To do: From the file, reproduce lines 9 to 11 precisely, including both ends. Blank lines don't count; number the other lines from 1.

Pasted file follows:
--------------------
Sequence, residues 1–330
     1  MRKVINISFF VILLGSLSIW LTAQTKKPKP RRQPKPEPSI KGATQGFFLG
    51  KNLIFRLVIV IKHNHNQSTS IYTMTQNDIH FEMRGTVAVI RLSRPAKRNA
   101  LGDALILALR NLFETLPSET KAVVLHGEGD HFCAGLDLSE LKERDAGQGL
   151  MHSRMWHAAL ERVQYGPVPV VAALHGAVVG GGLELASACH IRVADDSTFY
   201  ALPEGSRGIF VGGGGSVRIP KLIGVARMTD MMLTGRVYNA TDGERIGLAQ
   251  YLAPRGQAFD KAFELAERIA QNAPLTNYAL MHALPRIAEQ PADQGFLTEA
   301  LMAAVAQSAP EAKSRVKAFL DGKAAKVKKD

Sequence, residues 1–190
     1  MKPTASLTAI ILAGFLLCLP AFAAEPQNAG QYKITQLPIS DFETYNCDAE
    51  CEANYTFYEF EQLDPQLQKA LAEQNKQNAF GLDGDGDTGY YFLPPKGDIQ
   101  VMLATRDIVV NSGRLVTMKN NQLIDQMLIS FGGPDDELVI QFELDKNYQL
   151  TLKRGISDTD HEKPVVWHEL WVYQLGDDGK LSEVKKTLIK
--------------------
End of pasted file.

Sequence, residues 1–190
     1  MKPTASLTAI ILAGFLLCLP AFAAEPQNAG QYKITQLPIS DFETYNCDAE
    51  CEANYTFYEF EQLDPQLQKA LAEQNKQNAF GLDGDGDTGY YFLPPKGDIQ